A metal foil membrane laid between the roof framing and the roof ‘cladding’
Framework that holds the panes of glass in a window
A tubular steel temporary structure assembled on site which provides a working platform for tradesmen – usually bricklayers. More recently a metal fence like structure placed around the edge of the roof to protect tilers from falling. Required by law.
The relationship of the size of a drawing to the size of the actual object
Timber dried to a stale moisture content prior to use. Unseasoned timber will shrink over time as the timber dries, causing movement in the building structure.
Cut away through the structure
“Sustainable Energy Development Authority”
Sediment Control Barrier:
A barrier placed around the boundary of the land on the low side to prevent soil or excavation material washing from the site and entering the local drainage system or adjoining properties. Usually a hessian fence or hay bales installed and maintained by the builder. A Council requirement.
A sewerage disposal system, relying on bacterial action to break down the sewerage, incorporating a holding tank, a liquefying tank and an effluent disposal line.
The minimum distance from the allotment boundary to the nearest external face of a building. Council has minimum standards in this regard.
The lower horizontal portion of a window or door frame
The land to which the application relates.
The area of land (excluding any access handle) to which an application for consent to carry out development relates.
The classifying of foundation conditions to provide a rationalised basis for footing design.
A formula, usually imposed by Council, designed to prevent buildings being out of scale (too big) with the surrounding neighbourhood. Also designed to ensure sufficient open space, play area and off street parking. Varies from 40% – 60% of the site area depending on your local Council regulations.
The term used to describe the situation where the builder has a qualified building supervisor visit your land and assess the costs of building on it. He would look at the location of services, amount of slope of the land, location of trees, access for trucks, space to store building materials etc. These will appear in your tender, together with the relevant cost.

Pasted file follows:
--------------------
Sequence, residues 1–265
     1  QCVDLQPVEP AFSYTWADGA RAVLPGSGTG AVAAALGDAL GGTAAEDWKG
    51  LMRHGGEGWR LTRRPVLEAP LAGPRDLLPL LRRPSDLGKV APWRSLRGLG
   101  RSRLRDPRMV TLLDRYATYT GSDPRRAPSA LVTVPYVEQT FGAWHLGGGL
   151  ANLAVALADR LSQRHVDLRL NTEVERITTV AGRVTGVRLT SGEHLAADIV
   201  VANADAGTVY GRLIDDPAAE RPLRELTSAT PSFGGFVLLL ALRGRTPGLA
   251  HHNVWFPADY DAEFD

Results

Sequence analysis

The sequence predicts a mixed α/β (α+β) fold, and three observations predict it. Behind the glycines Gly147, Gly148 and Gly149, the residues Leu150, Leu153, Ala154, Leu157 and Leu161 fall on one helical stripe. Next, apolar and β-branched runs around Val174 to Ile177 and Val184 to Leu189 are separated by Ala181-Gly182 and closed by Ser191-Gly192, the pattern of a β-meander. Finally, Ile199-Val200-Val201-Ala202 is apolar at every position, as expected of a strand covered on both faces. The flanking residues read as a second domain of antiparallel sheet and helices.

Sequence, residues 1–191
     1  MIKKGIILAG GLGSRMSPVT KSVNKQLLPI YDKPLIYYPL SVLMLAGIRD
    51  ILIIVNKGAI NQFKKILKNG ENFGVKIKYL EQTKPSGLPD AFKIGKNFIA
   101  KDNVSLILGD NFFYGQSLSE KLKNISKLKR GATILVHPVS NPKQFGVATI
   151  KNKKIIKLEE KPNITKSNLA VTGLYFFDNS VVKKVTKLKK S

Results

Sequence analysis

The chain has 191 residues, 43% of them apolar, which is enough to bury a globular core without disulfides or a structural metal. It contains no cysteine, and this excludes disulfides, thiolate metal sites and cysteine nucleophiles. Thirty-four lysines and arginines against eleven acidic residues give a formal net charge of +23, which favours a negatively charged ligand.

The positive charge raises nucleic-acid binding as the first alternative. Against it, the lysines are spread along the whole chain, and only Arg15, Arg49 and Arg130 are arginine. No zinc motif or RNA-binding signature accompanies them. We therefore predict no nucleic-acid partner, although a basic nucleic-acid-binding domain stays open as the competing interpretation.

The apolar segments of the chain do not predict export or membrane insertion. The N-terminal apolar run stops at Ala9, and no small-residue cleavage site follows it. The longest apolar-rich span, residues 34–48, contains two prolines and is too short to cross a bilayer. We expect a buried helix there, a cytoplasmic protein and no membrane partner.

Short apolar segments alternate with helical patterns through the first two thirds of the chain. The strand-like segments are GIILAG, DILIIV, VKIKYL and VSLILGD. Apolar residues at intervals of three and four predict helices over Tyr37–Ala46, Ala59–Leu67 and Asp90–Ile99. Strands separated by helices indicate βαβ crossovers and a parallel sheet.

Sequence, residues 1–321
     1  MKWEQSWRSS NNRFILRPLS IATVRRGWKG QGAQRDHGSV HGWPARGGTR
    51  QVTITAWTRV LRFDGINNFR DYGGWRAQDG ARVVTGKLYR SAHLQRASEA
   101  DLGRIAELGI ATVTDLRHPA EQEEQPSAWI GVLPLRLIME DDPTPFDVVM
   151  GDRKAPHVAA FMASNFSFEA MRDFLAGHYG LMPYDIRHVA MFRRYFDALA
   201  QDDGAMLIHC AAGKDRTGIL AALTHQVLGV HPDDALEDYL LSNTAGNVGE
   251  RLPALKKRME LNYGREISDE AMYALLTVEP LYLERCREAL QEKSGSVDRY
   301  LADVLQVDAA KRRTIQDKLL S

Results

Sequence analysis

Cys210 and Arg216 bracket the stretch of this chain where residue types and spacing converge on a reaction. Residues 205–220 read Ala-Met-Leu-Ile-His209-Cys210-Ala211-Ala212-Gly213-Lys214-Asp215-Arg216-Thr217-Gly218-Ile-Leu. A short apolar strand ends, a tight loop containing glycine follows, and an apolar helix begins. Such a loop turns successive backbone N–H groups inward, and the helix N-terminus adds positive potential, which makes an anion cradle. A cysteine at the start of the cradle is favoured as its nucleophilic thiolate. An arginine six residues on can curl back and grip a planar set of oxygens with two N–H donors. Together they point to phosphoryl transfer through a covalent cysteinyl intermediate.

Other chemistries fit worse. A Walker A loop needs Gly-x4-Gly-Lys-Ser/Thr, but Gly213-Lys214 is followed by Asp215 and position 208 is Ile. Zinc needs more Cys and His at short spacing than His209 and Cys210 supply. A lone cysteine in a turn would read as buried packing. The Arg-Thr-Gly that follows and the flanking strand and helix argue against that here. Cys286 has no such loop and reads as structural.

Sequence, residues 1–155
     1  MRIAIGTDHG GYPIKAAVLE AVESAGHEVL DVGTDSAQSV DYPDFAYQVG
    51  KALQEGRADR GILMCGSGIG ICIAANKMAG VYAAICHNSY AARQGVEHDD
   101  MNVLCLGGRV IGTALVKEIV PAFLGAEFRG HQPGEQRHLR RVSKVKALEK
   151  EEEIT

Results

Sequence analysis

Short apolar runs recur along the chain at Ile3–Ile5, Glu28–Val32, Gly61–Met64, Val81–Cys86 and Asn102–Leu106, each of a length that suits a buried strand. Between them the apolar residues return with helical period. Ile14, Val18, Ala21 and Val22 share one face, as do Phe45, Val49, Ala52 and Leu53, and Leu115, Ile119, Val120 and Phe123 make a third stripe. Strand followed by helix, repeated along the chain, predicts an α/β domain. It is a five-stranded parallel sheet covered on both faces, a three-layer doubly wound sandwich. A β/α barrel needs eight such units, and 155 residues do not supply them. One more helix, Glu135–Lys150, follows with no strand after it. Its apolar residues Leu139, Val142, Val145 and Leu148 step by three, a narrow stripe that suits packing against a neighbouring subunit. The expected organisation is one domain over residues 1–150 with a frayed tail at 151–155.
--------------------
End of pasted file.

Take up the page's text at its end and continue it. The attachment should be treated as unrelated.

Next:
A roof sloping in one direction only, without a ridge or peak
Narrow and horizontal timber or customwood strips around the bottom of internal walls where it joins the floor
A horizontal flooring or roofing member usually constructed out of reinforced concrete.
A flooring system where before a concrete slab is poured, a perimeter wall of brickwork is constructed. The area inside the perimeter walls is filled with earth and the slab laid on top of the combined brickwork and fill. Usually used where it’s necessary to raise the finished floor levels.
A construction in which a concrete slab with rebated thickened edges is placed on the ground and provides the base and floor structure for the building
Generally the underside of eaves
A system to gauge volatility of soil.
“S” means stable ground – not much expansion or contraction.
“M” means moderately reactive soil – some expansion or contraction.
“H” means highly reactive – large measure of expansion and contraction.
These conditions are determined by Engineers and slabs are designed to cope with them.
The horizontal distance between two supports of a beam bridge or other structural element
A written document with technical directions and conditions describing the quality of materials and standard of workmanship of the project, and formes part of the contract document
Where the plasterboard or wall lining is squared off or “square set”, no skirtings or cornices
Square set opening:
A door opening that does not have timber or metal architraves. The plasterboard is squared off or “square set”.
Statement of Environmental Effects(SOEE):
Identifies the environmental impacts of the proposal and demonstrates that steps have been taken to protect or alleviate possible harm to the environment.
Is that part of a building between floor levels. If there is no floor above, it is the part between the floor level and the ceiling.
Indicates bending stress of timber measured in megaPascals (mPa), and designated with the prefix “F”
The two pieces of timber between which the stairs treads are set
A continuous footing beam formed in steps to rise or fall from one level to another
A structural beam spanning between load-bearing walls from which purlins may be strutted
An upright supporting member of a timber or metal wall frame to which wall covering (linings and/or claddings) are fixed
Generally the area under a house or any floor laid as a base for other floor finishes, e.g. concrete to be tiled.
Sub Floor Ventilation:
The provision of natural air movement under a suspended timber floor to prevent decay of timber and reduce moisture in the sub-floor space